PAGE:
Monthly Archives: February 2012

On the first spring(ish) days and shopping centers

So far, nothing interesting has happened this week – as the weather has been more or less like this view from my window from yesterday… Well, today it was a wonderful sunshine.

Our building intendent bravely cleaning the snow from the patio in a snow storm yesterday.

Anyway, I’ll go back to last weekend. My flu is now gone, but then I was still feeling a bit weak and we decided to “take it easy”. As normally happens when you decide something like that well also this time I ended up having quite an active weekend.

Our Saturday started by cleaning the entire house. Nothing more of that but it surely was a good thing to do, as we have been away the two last weekend and the house was “a bit” covered with dust… After this we visited 2 flea markets, a big one called Valtteri and a posh one called Kaivarin Kanuuna. I wrote about these two earlier in my blog Fleamarkets make you happy. Why?

What did we find? Well this time my boyfriend was very lucky: he found 8 good CDs for only 4,5€ in total. He even said before leaving home that he’d really like to buy a CD of Smashing Pumpkins and surprise – this is what he got for only 0,50€!

I was also lucky, as I found a pretty and warm woolen sweater for 8€. I put it on today to work and 2 colleagues commented how pretty it was. And it’s always so nice to tell that I bought it from a flea market.

In the afternoon we drove a friend to the Helsinki-Vantaa airport. The lucky guy was going to Buenos Aires for 2 weeks’ holiday and I felt light jealousy… However, we got “the second best option”, as from the airport we drove to a big shopping mall nearby, Jumbo, in Vantaa. (Attached there is also a big spa-hotel Flamingo.)

This was the first time for both of us. The idea was to buy 1) a frame for my painting and 2) a birthday present for my friend. Well, it was impossible to concentrate. We wondered around and I started to feel dizzy because of the flu and my boyfriend got really hungry. Shopping malls are unreal places, they look more or less the same all over the world and everyone seems to know the “what to do””: consume, consume, consume. To make it nicer, you get some warmth, (bad) music and food and drinks for the whole family.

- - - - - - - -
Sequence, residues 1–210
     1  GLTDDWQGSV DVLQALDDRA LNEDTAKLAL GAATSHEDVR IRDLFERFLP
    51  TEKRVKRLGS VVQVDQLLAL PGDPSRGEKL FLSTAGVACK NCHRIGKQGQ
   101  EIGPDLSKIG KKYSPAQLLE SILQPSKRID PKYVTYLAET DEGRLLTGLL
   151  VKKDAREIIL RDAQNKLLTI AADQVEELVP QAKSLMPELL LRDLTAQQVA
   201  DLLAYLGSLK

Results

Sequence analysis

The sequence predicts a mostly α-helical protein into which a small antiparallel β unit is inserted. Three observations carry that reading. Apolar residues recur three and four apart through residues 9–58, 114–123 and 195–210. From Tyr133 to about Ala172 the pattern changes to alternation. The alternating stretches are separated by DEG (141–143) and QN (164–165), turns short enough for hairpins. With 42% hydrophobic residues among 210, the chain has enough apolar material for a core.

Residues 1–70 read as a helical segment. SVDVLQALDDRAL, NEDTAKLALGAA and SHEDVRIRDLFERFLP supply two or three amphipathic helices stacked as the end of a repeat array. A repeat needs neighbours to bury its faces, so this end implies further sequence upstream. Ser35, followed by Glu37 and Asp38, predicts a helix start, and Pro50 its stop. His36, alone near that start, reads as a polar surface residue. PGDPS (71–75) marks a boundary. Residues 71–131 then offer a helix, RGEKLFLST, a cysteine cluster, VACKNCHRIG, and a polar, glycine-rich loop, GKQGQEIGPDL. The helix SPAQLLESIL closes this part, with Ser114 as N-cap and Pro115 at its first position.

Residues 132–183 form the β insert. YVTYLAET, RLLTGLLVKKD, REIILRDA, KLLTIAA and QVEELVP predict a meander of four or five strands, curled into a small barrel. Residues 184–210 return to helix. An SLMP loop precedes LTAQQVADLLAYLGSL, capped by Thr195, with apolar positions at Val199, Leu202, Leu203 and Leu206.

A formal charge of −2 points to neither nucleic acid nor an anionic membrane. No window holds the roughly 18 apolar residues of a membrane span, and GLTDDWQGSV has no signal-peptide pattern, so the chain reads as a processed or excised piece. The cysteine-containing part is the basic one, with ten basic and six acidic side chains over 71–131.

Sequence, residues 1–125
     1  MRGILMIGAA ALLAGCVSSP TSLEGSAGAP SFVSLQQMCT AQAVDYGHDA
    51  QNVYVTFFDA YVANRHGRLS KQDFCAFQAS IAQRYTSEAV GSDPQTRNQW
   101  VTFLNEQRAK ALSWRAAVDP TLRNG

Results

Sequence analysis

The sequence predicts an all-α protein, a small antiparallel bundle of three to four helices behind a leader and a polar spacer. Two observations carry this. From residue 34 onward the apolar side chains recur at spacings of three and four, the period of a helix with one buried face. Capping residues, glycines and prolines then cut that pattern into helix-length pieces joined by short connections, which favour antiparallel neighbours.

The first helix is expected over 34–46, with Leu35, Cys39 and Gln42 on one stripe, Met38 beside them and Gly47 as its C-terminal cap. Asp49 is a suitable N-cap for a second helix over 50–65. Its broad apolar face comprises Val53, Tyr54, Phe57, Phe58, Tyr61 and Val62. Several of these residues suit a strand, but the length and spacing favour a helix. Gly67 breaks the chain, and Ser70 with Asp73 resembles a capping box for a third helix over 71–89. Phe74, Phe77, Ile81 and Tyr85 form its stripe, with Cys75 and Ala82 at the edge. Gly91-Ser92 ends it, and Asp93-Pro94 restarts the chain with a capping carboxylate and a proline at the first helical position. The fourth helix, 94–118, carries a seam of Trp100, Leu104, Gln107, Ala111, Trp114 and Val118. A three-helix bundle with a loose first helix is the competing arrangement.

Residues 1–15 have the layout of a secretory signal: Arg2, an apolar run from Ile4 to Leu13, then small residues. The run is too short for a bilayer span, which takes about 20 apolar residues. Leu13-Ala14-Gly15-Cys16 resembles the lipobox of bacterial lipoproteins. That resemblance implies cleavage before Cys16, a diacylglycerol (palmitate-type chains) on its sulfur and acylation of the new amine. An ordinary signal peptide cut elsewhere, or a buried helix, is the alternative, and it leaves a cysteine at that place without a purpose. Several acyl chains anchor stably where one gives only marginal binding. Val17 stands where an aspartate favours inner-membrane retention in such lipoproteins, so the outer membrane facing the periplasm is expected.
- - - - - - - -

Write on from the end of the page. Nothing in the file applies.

There was even some “entertainment.” I started to feel even sicker when I saw young women dressed in pink as Barbies who were helping little girls to pimp their Barbie with different dresses, hair etc. It was quite surrealistic to see the “massacre” of abandoned Barbies and Ken’s lying on the floor.


A massacre of Barbies and Kens on the shopping mall floor

My Saturday night finished in Navy Jerry’s for a good friend’s birthday. This new bar near my home in Kamppi is decorated with marine style and has a good list of rum based drinks. Mmmm – unfortunately (or maybe luckily) we didn’t have the chance to taste them all! Next time it shall be… A tip: especially I liked a drink with rum, lime juice and ginger ale. (Is there a name for it, by the way?)


A friend getting a taste of the rum list of Navy Jerry's

As if this wasn’t enough, on Sunday we went for a walk in the forest. It’s amazing, but only some 20 minutes away from the centre of Helsinki like in Paloheinä there are nice forests and nature paths to walk or to ski on. The sun was shining and it was only -1C. Perfect. Lots of people skiing around and riding toboggans with their kids – or without, as this is a good sport for people of any age. And it really makes you forget a little flu.


Sunday is a good day to enjoy a toboggan ride and some hot chocolate afterwards..